Being older today is not easy. We are surrounded by a negative stereotype that wants to undermine us. How do we cope?
As we age we are faced with a continuous stream of challenges. Our bodies start to fail. We may well lose one of our senses. We will have to cope with one or more chronic disease. We can wear glasses or hearing aids. Modern medicines can at least reduce symptoms. But what do we do about the plethora of negative ageist stereotypes that swirl around us? What do we do about a world still dominated by a “youth culture”? Despite this the vast majority of older people maintain a positive sense of self.
A Sense of Control
Many years ago there was study of life expectancy in care homes. It was plain that there were two groups of people that entered such homes at the end of their lives. One had a short life expectancy in the home, the other much longer. The difference did not seem to depend on known medical issues. In the end the best predictor was the nature of the decision. Individuals who chose themselves to enter a home lived longer. Those that were “put” there died sooner.
In a cardiac intensive care unit the processes were modified for a group of patients. They were allowed to make simple decisions. They could decide for themselves whether they had visitors. They could even trigger an ECG if they felt symptoms. The patients given simple decisions to make, on average left intensive care days quicker. They also adapted to life on a traditional ward more easily.
These are examples of the power of control. We have an underlying need to feel in control. We all sense it when having checked in for a flight, we are isolated at the gate. There is a delay but we are given no information. Control is a key determinant of our sense of being crowded. There is a difference between “people density” and crowding. The difference is whether we feel in control. A disco full of people is stimulating. If the fire alarms go off it is “crowded” and we show stress symptoms.
Changes in Control during the Life Course
Control is a key part of how older people cope. There are two dimensions to our desire to gain control of our interchanges with the environment. The primary dimension is to achieve decisional control. We get what we want. We mold the environment to our desires. Long ago I showed that the reason that we use automatic teller machines is that they give us control. We are not dependent on the whims of a teller. Secondary control is about gaining perceived control. If the “world” is predictable then we feel in control. We may have no direct influence. Because we know what is going to happen it feels like we are still in control.
Primary control first increases as we grow up. As a child we may want to do it “our way” but we may not be able to influence parental plans. As a young adult we can seize control. At some point in todays world our influence declines with age. We have less agency. Secondary control seems to become more important in later life.
Managing Subjective Age with Control
According to the “Control Theory of Ageing” we can maintain our subjective age by shifting from primary to secondary control. We shift our goals. We recognize that we may not be able to achieve primary control over the environment. We are no longer fit enough to run for the bus and need to leave more time. It could be that our hearing means we avoid noisy restaurants. It could be that the ageing stereotype stops us from taking a leadership role.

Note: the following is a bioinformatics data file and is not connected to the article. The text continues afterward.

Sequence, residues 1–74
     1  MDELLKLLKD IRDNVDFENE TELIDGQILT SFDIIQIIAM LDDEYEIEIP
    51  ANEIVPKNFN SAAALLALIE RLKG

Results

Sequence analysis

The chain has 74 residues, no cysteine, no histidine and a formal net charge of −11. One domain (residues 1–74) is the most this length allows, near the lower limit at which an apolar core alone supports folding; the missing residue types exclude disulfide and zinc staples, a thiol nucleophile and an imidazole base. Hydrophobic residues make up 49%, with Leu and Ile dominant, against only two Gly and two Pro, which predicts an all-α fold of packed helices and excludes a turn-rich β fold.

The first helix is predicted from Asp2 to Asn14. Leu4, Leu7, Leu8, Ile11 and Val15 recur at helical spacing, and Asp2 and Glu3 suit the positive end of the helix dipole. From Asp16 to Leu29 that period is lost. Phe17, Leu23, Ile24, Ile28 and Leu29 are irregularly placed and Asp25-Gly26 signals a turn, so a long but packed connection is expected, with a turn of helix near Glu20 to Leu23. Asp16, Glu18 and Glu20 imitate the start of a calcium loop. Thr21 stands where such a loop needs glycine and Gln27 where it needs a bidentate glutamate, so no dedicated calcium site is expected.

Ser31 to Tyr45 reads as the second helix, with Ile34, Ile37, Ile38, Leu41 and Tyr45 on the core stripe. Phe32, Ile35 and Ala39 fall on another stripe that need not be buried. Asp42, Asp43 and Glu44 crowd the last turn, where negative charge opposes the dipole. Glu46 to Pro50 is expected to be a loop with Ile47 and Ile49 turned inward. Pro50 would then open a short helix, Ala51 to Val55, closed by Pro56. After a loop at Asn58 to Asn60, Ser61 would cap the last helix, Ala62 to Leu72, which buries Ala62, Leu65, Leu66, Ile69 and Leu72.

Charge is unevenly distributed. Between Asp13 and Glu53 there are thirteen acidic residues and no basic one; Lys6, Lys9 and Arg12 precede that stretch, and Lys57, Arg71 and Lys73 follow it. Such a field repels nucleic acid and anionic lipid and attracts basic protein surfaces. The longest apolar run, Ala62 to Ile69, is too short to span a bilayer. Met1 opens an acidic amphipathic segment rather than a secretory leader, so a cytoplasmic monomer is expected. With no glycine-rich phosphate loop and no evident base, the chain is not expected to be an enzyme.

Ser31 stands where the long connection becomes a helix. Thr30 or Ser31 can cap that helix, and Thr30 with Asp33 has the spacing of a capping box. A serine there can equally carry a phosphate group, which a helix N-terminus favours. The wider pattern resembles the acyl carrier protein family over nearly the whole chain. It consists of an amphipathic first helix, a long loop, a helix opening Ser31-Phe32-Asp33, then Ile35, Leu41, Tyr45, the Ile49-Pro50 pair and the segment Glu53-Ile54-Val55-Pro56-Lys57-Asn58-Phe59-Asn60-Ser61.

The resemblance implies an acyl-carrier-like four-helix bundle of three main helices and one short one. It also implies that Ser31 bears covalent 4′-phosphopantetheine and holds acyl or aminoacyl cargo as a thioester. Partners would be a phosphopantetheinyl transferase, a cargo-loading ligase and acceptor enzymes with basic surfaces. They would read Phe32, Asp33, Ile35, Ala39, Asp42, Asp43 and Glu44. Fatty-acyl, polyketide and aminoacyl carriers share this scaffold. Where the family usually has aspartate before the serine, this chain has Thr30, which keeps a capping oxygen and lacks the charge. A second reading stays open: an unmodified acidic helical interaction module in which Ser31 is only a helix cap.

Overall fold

Instead we focus on creating a world that is more predictable to us. We may reduce our range of activities. We may prefer to go to familiar places with familiar people. We may not be so experimental. If we want to be adventurous we will chose a safer way of doing it. Instead of back-packing in strange countries we may prefer to visit them from the predictability of a cruise ship. All of these allow us to maintain a sense of predictable secondary control.
Being Told To Stop Driving
Some commentators accuse the “Control Theory of Ageing” of being ageist. By accepting part of the ageing stereotype is it ageist. It does assume that some mental and physical changes happen with age. It does assume decline. It does assume that age brings with it a loss of agency and influence. Yet it does leave the decision of a switch from primary to secondary control to the individual. The fear is that the internal stereotype that drives that decision is pessimistic. Is the “enemy within” more negative than reality?
The theory does allow us to understand how to help older people cope with events towards the end of their life course. Losing the ability to drive becomes a major issue when we look at it from a control perspective. We all remember that sense of freedom when we passed our driving test. We were no longer dependent on others to shuttle us around. Losing that ability clearly impinges directly on primary control. Shopping can be a major source of the sense of control. We can shop when we want and chose what we want. Without the ability to drive that is taken away. Our predictable world could be rooted in mobility. Our visits to friends, restaurants, and bars all depend on it. It is far better that we decide to stop driving if at all possible. It is certainly important that there is a plan of how the future will unfold without a car.
The realistic acceptance of ageing is a tightrope walk. If we deny ageing too much we will come up against the hard reality of our growing limitations. If we are too pessimistic we are letting the “enemy within” win. We are missing the opportunities we still have. Maintaining a sense of control is one way to cope with the ambiguity.